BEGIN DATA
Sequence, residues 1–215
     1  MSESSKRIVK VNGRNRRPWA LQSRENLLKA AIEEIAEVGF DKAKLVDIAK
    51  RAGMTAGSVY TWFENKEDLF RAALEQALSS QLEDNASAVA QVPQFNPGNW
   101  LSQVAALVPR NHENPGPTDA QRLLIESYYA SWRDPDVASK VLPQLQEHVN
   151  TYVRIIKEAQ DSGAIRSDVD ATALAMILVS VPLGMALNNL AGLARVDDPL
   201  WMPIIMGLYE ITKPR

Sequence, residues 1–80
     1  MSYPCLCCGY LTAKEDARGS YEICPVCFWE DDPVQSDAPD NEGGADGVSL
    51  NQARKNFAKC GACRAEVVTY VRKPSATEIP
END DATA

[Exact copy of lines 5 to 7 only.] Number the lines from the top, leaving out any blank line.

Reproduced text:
   151  TYVRIIKEAQ DSGAIRSDVD ATALAMILVS VPLGMALNNL AGLARVDDPL
   201  WMPIIMGLYE ITKPR

Sequence, residues 1–80